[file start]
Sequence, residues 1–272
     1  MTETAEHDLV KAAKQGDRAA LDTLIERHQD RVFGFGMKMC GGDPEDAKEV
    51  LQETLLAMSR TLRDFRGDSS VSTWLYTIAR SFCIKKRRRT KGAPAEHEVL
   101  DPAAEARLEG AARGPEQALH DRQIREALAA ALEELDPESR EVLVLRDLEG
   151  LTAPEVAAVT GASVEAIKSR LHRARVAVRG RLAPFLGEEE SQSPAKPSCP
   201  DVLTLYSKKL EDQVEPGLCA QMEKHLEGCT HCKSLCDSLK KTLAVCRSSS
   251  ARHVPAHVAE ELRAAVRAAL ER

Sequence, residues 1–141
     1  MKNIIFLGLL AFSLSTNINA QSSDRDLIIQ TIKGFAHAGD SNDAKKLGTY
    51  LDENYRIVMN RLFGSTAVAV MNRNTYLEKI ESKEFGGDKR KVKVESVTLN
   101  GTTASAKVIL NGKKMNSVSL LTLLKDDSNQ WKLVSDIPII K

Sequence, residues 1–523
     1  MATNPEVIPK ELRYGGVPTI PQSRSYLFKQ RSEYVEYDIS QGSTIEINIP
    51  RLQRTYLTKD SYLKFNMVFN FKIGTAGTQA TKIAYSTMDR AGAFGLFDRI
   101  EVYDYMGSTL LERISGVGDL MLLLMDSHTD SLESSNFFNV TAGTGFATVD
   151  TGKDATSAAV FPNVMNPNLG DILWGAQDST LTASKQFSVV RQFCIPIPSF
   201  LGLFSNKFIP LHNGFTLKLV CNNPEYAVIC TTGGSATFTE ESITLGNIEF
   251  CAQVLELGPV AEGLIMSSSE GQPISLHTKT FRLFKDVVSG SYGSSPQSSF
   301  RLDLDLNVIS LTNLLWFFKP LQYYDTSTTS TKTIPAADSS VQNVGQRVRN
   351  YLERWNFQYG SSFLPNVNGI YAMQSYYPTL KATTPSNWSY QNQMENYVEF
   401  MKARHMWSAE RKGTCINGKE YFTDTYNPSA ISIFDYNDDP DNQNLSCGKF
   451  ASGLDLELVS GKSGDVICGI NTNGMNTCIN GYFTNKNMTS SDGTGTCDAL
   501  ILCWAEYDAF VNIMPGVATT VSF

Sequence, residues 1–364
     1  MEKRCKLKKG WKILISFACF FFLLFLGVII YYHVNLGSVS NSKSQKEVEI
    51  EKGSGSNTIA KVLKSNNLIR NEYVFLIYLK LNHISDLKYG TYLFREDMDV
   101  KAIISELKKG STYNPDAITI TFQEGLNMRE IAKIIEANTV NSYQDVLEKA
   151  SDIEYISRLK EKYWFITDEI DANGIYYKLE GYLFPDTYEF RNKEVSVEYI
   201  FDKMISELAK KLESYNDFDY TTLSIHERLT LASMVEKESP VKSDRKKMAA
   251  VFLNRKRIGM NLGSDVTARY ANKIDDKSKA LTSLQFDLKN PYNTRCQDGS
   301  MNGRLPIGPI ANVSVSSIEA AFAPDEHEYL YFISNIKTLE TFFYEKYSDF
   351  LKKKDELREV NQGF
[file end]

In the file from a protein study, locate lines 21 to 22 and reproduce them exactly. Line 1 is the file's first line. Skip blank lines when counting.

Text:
   401  MKARHMWSAE RKGTCINGKE YFTDTYNPSA ISIFDYNDDP DNQNLSCGKF
   451  ASGLDLELVS GKSGDVICGI NTNGMNTCIN GYFTNKNMTS SDGTGTCDAL